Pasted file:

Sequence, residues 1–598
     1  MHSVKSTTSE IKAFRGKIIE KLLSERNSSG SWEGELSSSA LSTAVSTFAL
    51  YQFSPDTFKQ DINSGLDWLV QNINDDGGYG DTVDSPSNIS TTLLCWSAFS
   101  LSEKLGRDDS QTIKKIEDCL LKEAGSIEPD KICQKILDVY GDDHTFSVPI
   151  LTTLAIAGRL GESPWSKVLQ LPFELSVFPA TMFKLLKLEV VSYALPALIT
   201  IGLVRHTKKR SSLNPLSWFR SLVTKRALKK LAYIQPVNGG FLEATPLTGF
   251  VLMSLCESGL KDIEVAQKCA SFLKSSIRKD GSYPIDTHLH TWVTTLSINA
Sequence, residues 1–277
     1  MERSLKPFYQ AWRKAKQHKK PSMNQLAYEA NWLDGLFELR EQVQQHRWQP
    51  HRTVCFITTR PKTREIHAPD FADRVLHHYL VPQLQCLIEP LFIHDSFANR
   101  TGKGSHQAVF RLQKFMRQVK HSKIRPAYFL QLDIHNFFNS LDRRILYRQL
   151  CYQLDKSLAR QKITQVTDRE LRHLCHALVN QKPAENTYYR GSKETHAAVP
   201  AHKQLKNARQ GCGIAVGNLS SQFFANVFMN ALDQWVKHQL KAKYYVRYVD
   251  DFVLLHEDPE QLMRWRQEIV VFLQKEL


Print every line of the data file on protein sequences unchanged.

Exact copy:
Sequence, residues 1–598
     1  MHSVKSTTSE IKAFRGKIIE KLLSERNSSG SWEGELSSSA LSTAVSTFAL
    51  YQFSPDTFKQ DINSGLDWLV QNINDDGGYG DTVDSPSNIS TTLLCWSAFS
   101  LSEKLGRDDS QTIKKIEDCL LKEAGSIEPD KICQKILDVY GDDHTFSVPI
   151  LTTLAIAGRL GESPWSKVLQ LPFELSVFPA TMFKLLKLEV VSYALPALIT
   201  IGLVRHTKKR SSLNPLSWFR SLVTKRALKK LAYIQPVNGG FLEATPLTGF
   251  VLMSLCESGL KDIEVAQKCA SFLKSSIRKD GSYPIDTHLH TWVTTLSINA
Sequence, residues 1–277
     1  MERSLKPFYQ AWRKAKQHKK PSMNQLAYEA NWLDGLFELR EQVQQHRWQP
    51  HRTVCFITTR PKTREIHAPD FADRVLHHYL VPQLQCLIEP LFIHDSFANR
   101  TGKGSHQAVF RLQKFMRQVK HSKIRPAYFL QLDIHNFFNS LDRRILYRQL
   151  CYQLDKSLAR QKITQVTDRE LRHLCHALVN QKPAENTYYR GSKETHAAVP
   201  AHKQLKNARQ GCGIAVGNLS SQFFANVFMN ALDQWVKHQL KAKYYVRYVD
   251  DFVLLHEDPE QLMRWRQEIV VFLQKEL